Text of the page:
In my last two posts, Ive been starting trying to do what Judith Bennett calls for in History Matters: Patriarchy and the Challenge of Feminism (University of Pennsylvania Press, 2006): historicising patriarchy (in the sense of a system of social structures and practices in which men dominate, oppress and exploit women). This is my provisional attempt to take the analysis a little further and look in a little more detail at how Carolingian patriarchy worked and how patriarchies might change (without necessarily affecting the patriarchal equilibrium).
One of the problems in doing this kind of analysis is thinking about how the components of the system break down. In my earlier attempt at periodisation, Id mentioned religious ideology, socio-economic forms and the status of the male elite. Bennett quotes (p 58) Sylvia Walbys theories of modern England (from 20 years ago) talking of six patriarchal structures: mode of production, paid work, the state, male violence, sexuality, culture. Paid work isnt relevant for the early Middle Ages and Id add in the church as an organisation. With that, how does Carolingian patriarchy fit together?
1) Theres a feudal mode of production. The basic unit of production is the conjugal peasant household, with mens work and womens work. This gives peasant women an important economic role within the household, but ties them into marriage and domesticity: they cant easily manage economically on their own. Theres also a coercive extraction of surplus by the nobility in most cases, which means that if necessary the lord must be able to act as a warrior (or at least control a band of warriors).
As a mode of production, feudalism is normally seen as dominant from late antiquity to the Industrial Revolution. The importance of physical coercion to this gradually goes down, as a justice system increases which can do the physical coercion for the landlord, but its still predominant until at least the early modern period.
2) The state consists of the combination of an attenuated sub-Roman state, with hierarchical offices and a rudimentary legal system, and a barbarian warrior aristocracy. From the Roman side comes the ideological presumption that office holding, legislation and the administration of justice are male preserves. From the warrior aristocracy comes the practical reality that women (and boys) are not suitable for carrying out public roles, because of the violence required, (as represented in the need for the count to keep a gallows).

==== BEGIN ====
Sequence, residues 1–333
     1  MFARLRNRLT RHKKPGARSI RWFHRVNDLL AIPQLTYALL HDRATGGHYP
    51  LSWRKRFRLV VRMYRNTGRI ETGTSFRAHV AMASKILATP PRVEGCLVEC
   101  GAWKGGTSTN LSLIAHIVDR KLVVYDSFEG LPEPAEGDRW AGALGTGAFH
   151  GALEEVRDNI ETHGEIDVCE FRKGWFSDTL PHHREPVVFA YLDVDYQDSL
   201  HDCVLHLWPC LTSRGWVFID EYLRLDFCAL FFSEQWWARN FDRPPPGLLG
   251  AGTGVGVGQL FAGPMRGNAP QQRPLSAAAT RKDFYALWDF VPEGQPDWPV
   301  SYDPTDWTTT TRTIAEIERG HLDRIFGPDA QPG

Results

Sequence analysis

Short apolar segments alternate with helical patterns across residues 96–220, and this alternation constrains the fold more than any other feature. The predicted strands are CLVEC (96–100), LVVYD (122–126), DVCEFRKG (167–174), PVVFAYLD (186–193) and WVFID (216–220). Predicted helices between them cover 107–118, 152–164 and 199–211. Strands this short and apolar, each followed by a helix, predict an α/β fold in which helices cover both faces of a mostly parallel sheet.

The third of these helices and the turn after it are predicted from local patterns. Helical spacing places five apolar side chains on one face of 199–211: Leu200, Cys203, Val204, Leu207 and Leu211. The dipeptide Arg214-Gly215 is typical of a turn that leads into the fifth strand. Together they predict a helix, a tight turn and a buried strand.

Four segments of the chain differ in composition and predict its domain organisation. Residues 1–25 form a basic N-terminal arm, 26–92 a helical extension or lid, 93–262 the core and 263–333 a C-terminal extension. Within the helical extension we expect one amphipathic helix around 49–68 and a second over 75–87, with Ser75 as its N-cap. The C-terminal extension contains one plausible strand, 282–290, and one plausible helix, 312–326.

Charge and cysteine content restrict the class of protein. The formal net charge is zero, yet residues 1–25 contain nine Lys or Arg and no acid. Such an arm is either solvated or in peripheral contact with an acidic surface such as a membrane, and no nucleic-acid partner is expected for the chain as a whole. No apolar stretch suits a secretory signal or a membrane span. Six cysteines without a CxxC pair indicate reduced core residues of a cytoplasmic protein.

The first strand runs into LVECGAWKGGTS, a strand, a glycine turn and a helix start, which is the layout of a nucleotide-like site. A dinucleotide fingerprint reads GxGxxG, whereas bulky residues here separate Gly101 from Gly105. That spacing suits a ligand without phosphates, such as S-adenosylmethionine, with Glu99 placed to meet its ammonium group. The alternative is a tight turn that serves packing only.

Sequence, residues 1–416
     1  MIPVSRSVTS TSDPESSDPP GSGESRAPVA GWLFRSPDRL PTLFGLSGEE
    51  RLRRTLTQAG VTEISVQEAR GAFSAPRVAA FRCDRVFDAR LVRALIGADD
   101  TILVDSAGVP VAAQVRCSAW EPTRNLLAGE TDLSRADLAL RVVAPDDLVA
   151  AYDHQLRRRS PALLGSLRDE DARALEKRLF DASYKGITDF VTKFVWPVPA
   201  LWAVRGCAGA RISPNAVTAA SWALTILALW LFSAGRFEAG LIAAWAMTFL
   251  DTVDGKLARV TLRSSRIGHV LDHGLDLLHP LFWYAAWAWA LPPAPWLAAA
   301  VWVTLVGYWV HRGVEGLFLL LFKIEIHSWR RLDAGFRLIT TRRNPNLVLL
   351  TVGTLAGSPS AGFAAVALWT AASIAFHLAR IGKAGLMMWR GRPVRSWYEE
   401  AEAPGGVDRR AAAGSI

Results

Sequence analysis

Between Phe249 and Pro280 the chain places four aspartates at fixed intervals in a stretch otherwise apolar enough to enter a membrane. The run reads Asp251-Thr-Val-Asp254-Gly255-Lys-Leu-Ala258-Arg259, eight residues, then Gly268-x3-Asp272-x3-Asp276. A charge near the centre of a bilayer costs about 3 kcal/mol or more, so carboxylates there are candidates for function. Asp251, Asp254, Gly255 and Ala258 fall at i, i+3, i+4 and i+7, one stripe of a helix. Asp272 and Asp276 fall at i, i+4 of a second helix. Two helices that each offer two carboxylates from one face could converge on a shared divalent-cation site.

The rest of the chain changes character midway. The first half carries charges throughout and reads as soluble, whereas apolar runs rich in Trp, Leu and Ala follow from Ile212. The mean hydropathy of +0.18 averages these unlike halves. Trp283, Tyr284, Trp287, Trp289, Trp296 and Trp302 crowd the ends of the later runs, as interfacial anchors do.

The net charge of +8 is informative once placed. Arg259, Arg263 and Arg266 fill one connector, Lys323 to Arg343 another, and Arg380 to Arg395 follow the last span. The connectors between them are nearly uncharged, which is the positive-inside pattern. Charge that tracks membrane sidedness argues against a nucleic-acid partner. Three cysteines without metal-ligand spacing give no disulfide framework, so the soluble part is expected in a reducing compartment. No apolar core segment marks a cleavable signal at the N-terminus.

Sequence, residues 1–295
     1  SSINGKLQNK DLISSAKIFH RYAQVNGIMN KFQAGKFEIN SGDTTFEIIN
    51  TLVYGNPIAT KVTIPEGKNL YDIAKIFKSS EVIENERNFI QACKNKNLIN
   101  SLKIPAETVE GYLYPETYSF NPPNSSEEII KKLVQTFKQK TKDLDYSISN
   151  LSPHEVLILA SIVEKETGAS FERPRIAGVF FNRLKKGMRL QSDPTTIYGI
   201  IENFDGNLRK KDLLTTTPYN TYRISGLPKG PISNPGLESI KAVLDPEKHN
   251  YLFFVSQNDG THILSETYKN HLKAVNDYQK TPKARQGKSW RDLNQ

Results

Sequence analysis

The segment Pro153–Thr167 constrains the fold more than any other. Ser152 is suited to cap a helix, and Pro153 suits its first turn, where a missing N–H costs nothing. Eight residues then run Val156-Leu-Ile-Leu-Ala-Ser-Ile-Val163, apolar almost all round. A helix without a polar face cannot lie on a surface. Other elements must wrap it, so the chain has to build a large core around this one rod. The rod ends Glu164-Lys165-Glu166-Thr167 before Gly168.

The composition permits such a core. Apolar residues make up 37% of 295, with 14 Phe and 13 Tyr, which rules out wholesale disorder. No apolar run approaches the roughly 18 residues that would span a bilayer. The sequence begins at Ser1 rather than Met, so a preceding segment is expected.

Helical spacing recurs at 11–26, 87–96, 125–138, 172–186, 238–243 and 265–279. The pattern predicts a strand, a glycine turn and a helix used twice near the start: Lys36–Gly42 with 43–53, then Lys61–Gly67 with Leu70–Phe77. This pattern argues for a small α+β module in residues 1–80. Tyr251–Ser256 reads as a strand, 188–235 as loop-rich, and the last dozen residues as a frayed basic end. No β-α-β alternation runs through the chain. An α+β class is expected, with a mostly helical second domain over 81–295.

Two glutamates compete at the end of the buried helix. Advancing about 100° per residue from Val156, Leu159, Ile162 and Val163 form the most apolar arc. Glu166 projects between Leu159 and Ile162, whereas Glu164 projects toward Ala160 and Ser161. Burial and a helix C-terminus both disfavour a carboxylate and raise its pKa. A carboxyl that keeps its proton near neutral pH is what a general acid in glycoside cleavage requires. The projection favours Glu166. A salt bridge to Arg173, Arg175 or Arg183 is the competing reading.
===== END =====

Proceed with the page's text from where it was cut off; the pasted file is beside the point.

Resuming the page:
The idea of public office as male-only is extremely long-lived, stretching from the classical period through to the twentieth century. The predominantly warrior nature of the aristocracy reappears (after a break) in the sub-Roman period and continues on until the early modern period (the ideology may continue even longer).
3) The institutional church has a male-only priesthood and hierarchy, but a few offices for women religious, which are kept subordinate to male offices. There is an increasing co-operation of the church and the state/ruling class in the Carolingian period. The church gets protection from this and also donations both of material and personnel (since it is not entirely self-reproducing). In return, the ruling class get ideological and administrative support (and also additional military support from monastic militias).
The institutional form of the Catholic church developed in the fourth century and hasnt changed substantially since, although in Protestant areas of Europe there were no official positions for women between the sixteenth and the late twentieth century. The particular configuration of the relationship between the church and the ruling seems to me to be confined to the seventh to eleventh century (say Gregory I to Gregory VII), with the key factors of family monasteries with monastic oblation (which tied nobles and monasteries together) and threats from pagans (which meant churches needed the protection of rulers more than they feared them).
4) The early Middle Ages was a violent time, and male violence was a key part of the Carolingian patriarchy. Firstly, male violence was used by the ruling classes to reinforce their rule. Secondly, women who were not under the protection of a powerful man were vulnerable to violence from other men (one of the typical images of the helpless is widows and orphans). Thirdly, a level of domestic violence was condoned (although Carolingian reformers did try to prevent uxoricide).